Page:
Sunday, April 03, 2016

Council to Take Up Drought Level 1 Designation

The Water Advisory Board recommended San Angelo enter Drought Level 1 which results in outdoor watering restrictions and a 10% increase in water rates.  Staff spoke to aspects of their methodology for saying the city has less than a 24 month water supply.  They chose not to share their calculations. 

The City's annual water use is approximately 15,000 acre feet. City staff provided the following information on lake volumes to the Water Advisory Board:

Lake Ivie - 68,671 acre feet (of which San Angelo gets 15.8%) 
Twin Buttes Reservoir - 21,287 acre feet (15,291 in North Pool and 5,996 in South Pool)
 Water Data for Texas revealed current lake volumes for:
O.C. Fisher - 18,209 acre feet
Lake Nasworthy - 8,117 acre feet

Also, the city has the rights to 3,000 acre feet at Lake Spence (46,868 acre feet) but no functioning pipeline to get the water to San Angelo.

It's not clear how city staff reduced well over 50,000 acre feet of surface water supply down to 30,000 acre feet.  Staff projections include two summers of wicked evaporation but no rainfall.

While staff deeply discounted surface water supplies, Hickory's Aquifer's below ground water was hardly counted.  The city chose to include only the minimal amount currently being pumped per day to keep the well field operational.  That's roughly 1 million gallons of water per day or just over 3 acre feet.

A slow pumping Hickory pipeline delivers 1,120 acre feet per year or 7.5% of the city's annual water usage.  I understand the logic of not counting subsurface supplies, the reserve that will support us through a long term drought.

It seems fair that the minimum pumped from Hickory should be subtracted from our annual water needs for drought pricing purposes. Remember the significant price increases for the Hickory pipeline?  Council chose to include conservation incentives in setting up that charge structure and citizens responded.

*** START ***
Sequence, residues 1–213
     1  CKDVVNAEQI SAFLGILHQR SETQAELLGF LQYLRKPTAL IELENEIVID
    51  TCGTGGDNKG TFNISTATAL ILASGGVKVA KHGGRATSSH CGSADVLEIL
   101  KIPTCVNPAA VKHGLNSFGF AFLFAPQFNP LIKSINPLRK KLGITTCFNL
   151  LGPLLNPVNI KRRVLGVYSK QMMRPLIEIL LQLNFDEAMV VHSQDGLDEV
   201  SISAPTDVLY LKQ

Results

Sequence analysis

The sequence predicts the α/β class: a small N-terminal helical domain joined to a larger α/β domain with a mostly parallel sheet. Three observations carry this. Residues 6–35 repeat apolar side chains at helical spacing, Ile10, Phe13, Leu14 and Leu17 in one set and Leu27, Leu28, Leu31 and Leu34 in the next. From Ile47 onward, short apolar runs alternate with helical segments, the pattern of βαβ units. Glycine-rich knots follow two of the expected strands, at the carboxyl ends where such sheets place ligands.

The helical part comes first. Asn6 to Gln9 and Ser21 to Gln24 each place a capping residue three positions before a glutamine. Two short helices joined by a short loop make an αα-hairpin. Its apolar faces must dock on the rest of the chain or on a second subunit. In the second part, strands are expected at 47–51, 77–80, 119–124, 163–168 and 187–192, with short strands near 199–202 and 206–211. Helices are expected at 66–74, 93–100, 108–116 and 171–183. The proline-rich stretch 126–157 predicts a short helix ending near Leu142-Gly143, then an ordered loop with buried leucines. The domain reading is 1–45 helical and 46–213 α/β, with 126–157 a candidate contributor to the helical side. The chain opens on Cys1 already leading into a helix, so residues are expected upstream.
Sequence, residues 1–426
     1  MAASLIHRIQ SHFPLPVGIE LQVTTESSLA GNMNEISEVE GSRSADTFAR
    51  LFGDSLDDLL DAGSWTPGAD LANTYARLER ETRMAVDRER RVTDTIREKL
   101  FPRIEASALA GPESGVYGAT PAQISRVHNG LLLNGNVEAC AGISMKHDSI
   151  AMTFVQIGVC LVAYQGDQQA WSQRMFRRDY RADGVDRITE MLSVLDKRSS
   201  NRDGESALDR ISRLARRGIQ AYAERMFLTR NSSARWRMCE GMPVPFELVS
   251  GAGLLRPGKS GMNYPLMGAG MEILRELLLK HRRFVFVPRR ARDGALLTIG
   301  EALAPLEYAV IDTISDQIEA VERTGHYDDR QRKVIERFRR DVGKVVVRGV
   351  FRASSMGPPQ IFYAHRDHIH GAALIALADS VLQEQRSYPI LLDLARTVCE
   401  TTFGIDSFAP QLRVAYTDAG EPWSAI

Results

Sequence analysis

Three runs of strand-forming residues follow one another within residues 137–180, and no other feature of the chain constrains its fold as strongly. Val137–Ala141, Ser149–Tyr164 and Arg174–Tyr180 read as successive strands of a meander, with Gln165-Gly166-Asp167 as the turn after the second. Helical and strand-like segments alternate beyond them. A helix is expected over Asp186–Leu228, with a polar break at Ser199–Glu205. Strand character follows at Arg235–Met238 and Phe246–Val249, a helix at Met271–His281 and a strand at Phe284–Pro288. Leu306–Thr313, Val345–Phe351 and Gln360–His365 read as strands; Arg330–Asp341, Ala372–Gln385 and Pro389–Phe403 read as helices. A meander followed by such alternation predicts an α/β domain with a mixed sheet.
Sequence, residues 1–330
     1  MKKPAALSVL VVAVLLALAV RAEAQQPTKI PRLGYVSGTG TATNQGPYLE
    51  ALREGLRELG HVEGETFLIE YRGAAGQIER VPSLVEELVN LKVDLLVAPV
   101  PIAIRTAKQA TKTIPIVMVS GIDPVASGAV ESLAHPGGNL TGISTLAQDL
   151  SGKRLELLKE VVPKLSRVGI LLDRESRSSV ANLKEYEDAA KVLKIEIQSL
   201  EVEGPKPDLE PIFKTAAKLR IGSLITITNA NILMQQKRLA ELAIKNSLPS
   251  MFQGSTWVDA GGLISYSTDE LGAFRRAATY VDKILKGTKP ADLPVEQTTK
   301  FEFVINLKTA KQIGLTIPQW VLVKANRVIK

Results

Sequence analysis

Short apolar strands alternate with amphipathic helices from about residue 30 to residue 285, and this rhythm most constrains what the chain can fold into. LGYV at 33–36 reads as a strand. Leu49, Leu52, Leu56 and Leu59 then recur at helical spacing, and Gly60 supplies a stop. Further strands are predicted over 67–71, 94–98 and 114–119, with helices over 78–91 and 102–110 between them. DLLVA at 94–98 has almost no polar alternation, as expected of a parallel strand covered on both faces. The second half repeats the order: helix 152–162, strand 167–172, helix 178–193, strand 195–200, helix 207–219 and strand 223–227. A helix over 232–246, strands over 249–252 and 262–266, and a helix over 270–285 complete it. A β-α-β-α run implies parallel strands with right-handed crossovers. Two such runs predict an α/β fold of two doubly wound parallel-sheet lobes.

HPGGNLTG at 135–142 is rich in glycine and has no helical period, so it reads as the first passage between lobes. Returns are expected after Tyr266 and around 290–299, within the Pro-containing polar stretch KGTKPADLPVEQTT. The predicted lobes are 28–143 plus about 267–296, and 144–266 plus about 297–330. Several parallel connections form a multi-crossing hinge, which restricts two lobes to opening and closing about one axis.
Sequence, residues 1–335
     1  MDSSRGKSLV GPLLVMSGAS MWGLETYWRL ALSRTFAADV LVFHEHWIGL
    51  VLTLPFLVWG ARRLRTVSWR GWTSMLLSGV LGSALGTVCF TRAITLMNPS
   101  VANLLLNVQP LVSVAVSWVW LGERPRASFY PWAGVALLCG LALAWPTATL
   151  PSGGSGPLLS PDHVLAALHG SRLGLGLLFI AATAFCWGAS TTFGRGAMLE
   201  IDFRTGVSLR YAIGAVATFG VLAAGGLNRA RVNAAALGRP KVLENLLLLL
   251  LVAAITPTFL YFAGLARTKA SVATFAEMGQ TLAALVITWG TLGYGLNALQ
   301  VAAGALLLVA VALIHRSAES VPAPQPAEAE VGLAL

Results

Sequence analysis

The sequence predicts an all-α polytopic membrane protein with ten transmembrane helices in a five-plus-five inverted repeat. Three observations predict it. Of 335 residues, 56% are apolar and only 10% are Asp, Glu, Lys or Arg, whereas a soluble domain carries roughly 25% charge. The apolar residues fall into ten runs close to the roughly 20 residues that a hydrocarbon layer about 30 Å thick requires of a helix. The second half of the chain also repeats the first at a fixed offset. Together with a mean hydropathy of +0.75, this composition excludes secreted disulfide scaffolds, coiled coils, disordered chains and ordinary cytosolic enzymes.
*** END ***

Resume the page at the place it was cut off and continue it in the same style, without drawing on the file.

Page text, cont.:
Marking up Hickory water another 10, 20 or 30 percent hardly seems fair.

It appears the city may enter drought level restrictions without citizens understanding the methodology for calculating how San Angelo has less than 24 month supply of water.  Council will consider a proposal that showed a 26 month supply on 3-28-16.

More needs to be said and revealed on this topic because it hits citizens square in the pocketbook.

Water usage fees - determined by two factors: how much water a customer uses and what drought level the city is under. The water rate structure is tiered; as a customer uses more water, he pays a higher rate. Those tiers compress more when San Angelo is in Drought Level 1, 2 or 3; the higher the drought level, the quicker the customer reaches the next tier.
That shouldn't happen arbitrarily or prematurely.

City Council dealt with a prior failure to follow ordinance resulting in Republic Services overcharging commercial customer via unauthorized, thus illegal, fuel surcharges.  Ironically, Republic's illegal fuel charges and the $6 million refund occurred under the watchful eye of Public Works, which is also over water.

Council should proceed thoughtfully and within their legal scope, which they have the right to change in full public view.

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